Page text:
Now, I’ll admit, this appetizer was actually a pretty tasty substance – apparently made by oven-roasting a mess of whole garlic gloves with extra virgin olive oil, butter, and a hint of anchovy. The menu claimed that it was “a wonderful treat for spreading on our house-baked focaccia bread” though I’m not sure it could exactly be considered spreadable. They also claimed that it would be “served at your table in an iron skillet.” I certainly didn’t even taste a hint of anchovies – just garlic, olive oil, and butter and that “iron skillet” was definitely not an iron skillet at all. It was clearly a stainless steel skillet positioned directly over the table’s small-wicked candle. I couldn’t believe they actually thought that the tiny flickering table flame would be strong enough to keep this stuff hot?
And house-baked focaccia? Try the same gross, stale, freebie, dinner rolls that had already been plopped on the table when we arrived. I thought for $8, they were gonna at least going to provide some specially designed focaccia to pair. But no – it was the crappy, free stuff. I also found myself wishing that they had done anything beyond simple roasting to transform the garlic. How about some actual anchovy flavor or putting in the minimal effort of mashing the roasted cloves into dip form so we could actually spread it onto that awful bread? Instead, we were forced to precariously balance those lukewarm whole cloves on top of those stale crusts like a bunch of schmucks. What a joke.
As an entree, I ordered the much raved-about dish called Forty Clove Garlic Chicken. And while I was happy that it came out lightening fast, the only reaction I could muster was “Um, WTF??” They fire-roasted the chicken decently, but they befuddlingly served the meat next to a heaping pile of 40 practically raw, inedible, garlic cloves and a completely unseasoned mound of mashed potatoes.
Guys, I didn’t want chicken AND forty garlic cloves – I wanted the chicken roasted and artfully combined with the forty garlic cloves. Who on Earth would actually want to eat a dish like this? At a minimum, I thought the mash might have been loaded with garlic and I’m not talking about adding that pile of raw crap to it myself. Come on, get it together. For a $22 chicken dish, I expected a hell of a lot more.
As another main, we also ordered the Neon Ravioli, which they claimed had a potato and cheese filling and a garlic basil alfredo sauce topping. This was another truly pathetic showing by The Stinking Rose.
The bland noodles were stuffed with a cottony substance that barely resembled potato and the sauce was neither thick and creamy like an normal alfredo nor garlicky as we had expected. There certainly wasn’t enough of that pathetically weak sauce to make those horrible bundles of yuck edible – even a blizzard of grated parmesan couldn’t save them. Hell, at $23, even Chef Boyardee is rolling in his grave with this one.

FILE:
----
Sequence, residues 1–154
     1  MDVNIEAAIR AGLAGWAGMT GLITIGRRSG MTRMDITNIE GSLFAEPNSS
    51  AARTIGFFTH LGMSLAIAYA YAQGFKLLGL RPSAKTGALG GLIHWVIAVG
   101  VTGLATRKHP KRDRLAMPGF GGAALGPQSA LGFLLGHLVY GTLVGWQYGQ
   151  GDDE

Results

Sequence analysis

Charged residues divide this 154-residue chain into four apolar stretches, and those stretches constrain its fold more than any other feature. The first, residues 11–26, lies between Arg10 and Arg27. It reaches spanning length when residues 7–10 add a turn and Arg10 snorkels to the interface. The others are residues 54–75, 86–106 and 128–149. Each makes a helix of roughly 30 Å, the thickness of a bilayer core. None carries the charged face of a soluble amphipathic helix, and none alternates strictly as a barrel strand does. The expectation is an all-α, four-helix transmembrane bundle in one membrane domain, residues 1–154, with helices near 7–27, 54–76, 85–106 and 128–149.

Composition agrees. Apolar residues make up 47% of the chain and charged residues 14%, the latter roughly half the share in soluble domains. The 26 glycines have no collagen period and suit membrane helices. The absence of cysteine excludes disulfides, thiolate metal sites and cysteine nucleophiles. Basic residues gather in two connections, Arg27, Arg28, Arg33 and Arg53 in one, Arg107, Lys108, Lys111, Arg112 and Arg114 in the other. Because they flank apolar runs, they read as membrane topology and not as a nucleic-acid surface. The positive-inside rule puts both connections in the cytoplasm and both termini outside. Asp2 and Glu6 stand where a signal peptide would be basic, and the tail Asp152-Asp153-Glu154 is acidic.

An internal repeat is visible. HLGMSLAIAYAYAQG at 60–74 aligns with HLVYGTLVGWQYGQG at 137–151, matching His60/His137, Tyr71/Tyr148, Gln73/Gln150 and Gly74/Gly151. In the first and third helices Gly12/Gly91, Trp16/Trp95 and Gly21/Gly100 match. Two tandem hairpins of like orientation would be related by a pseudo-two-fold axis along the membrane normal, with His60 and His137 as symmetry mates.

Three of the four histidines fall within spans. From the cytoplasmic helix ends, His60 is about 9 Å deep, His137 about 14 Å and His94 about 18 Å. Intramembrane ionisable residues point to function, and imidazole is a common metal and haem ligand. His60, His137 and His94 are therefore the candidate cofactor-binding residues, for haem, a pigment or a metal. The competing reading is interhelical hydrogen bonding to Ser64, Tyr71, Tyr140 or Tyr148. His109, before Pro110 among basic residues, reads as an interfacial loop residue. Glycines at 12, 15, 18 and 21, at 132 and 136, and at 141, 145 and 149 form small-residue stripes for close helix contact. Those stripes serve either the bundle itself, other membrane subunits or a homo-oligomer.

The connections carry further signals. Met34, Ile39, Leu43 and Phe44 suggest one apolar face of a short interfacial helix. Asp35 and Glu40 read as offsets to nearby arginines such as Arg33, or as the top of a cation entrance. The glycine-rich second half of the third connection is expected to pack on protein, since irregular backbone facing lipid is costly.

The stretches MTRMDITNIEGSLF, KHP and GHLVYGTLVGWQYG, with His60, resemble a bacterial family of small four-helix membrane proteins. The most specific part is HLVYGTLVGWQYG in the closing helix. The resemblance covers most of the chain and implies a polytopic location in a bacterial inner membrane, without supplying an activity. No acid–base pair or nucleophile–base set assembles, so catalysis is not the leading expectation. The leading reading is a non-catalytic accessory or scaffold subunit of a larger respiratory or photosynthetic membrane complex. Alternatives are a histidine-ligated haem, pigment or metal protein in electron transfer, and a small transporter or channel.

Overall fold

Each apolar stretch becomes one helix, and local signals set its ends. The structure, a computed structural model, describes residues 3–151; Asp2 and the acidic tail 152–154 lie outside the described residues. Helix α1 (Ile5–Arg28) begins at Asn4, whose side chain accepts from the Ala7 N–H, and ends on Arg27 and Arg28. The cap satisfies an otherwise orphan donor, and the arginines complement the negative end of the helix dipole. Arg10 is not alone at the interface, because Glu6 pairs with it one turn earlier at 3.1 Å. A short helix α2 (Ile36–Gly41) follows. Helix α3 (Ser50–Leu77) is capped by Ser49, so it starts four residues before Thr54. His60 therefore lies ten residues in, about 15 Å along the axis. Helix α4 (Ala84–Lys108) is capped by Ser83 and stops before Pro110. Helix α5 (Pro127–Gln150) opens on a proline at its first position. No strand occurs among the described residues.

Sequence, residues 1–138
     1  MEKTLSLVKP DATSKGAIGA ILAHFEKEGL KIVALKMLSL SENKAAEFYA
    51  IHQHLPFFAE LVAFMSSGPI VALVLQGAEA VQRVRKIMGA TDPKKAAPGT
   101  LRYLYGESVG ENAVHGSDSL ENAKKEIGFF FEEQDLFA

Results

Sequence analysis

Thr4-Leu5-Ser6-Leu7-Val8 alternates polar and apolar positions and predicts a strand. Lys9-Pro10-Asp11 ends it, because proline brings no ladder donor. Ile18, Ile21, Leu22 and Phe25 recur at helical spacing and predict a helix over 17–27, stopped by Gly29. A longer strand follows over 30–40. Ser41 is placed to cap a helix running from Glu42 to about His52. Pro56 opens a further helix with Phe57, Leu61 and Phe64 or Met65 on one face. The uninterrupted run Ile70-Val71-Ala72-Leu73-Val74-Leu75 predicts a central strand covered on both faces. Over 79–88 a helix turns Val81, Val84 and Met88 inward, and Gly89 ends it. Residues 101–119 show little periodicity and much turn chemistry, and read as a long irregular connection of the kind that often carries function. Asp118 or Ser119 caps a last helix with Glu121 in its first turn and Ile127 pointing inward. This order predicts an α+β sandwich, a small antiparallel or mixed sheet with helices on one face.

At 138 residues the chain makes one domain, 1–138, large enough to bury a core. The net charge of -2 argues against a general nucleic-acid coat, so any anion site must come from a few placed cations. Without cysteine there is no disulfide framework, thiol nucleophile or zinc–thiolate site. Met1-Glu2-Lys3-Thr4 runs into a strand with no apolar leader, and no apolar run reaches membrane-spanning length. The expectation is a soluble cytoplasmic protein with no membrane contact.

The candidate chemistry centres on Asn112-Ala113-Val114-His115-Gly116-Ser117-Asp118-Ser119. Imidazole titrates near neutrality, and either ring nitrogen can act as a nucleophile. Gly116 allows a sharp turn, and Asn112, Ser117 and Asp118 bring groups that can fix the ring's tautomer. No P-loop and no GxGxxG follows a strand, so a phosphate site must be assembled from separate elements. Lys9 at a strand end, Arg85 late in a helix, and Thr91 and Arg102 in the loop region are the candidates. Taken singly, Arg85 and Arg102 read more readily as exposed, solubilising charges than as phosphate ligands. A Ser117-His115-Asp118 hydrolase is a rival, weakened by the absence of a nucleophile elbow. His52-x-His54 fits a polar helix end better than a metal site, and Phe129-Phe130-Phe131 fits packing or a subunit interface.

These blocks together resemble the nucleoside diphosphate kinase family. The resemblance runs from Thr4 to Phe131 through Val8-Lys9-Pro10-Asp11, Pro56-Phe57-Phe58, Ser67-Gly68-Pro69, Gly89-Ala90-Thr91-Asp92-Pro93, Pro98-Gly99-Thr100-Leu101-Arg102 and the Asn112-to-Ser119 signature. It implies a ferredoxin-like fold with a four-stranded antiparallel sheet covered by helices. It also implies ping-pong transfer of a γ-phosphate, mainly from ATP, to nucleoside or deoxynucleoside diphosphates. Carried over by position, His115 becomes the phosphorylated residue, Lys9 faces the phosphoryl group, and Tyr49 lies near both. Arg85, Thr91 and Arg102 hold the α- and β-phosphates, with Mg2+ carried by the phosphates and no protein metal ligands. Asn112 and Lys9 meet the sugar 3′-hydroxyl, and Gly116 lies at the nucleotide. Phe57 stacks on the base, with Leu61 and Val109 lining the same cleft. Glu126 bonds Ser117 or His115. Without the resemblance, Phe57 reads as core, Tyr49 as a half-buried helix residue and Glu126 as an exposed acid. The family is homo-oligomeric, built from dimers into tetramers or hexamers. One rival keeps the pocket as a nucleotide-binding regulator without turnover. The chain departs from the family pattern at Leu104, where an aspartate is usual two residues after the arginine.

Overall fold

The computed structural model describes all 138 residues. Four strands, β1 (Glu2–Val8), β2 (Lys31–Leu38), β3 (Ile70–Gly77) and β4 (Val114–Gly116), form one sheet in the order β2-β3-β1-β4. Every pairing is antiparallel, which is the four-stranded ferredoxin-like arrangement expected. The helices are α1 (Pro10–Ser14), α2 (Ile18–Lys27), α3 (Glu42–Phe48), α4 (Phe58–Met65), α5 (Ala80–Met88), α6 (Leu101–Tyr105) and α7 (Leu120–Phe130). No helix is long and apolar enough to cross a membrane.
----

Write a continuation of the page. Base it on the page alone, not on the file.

And in what we thought should have been a safe decision, we also ordered their Fresh Made Spaghetti & Garlic Meatballs. Wrong again. Fresh made? These guys are really gonna push that lie? Hardly – unless their definition of fresh is dumping dry pasta into a pot of boiling water.
Those skinny angel hair noodles were cooked to oblivion and slumped in that bowl limper than a wet dog. They were floating in the most watery tomato sauce I’ve ever seen and came with meatballs that were both completely unseasoned and drier than the 1930s dustbowl. I added heaps of salt, parmesan, massive spoonfuls of the table’s green garlic condiment, and the remaining Bagna Calda cloves to add any semblance of flavor to this $23 plate of pitiful pasta. None of that could save it.
All I can say is – what the ever-loving fuck? This is the exact reason North Beach gets such a bad reputation. This meal was extremely expensive and obscenely bad. The bagna calda was the only thing I got any sort of joy from and even that was an utter disappointment. And if the meal wasn’t expensive enough, they have the nerve to tack on an additional 4.5% charge for the cost of “business & government mandated expenses”? How is that even legal? Gross, I’m embarrassed to even have spent this much money on such terrible food.
So, why does this place even exist? It’s become completely clear to me that this is a place that stays in business solely because everyone’s tasteless, visiting relatives insist on going there when they’re in town. Tourists are keeping this expensive and absolutely horrible shit-hole in business. Here’s a hot tip: stay home, roast an entire head of garlic over low heat, dip the worst bread you can get your hands on into it, light a pile of money on fire, strangle an Italian grandmother to within an inch of her life, then punch yourself in the face. Congratulations, you’ve now experienced The Stinking Rose from the comfort of your own home.
Is there any place you think is worse that The Stinking Rose in San Francisco? Let me know in the comments below.
The Stinking Rose
325 Columbus Ave. San Francisco, CA 94133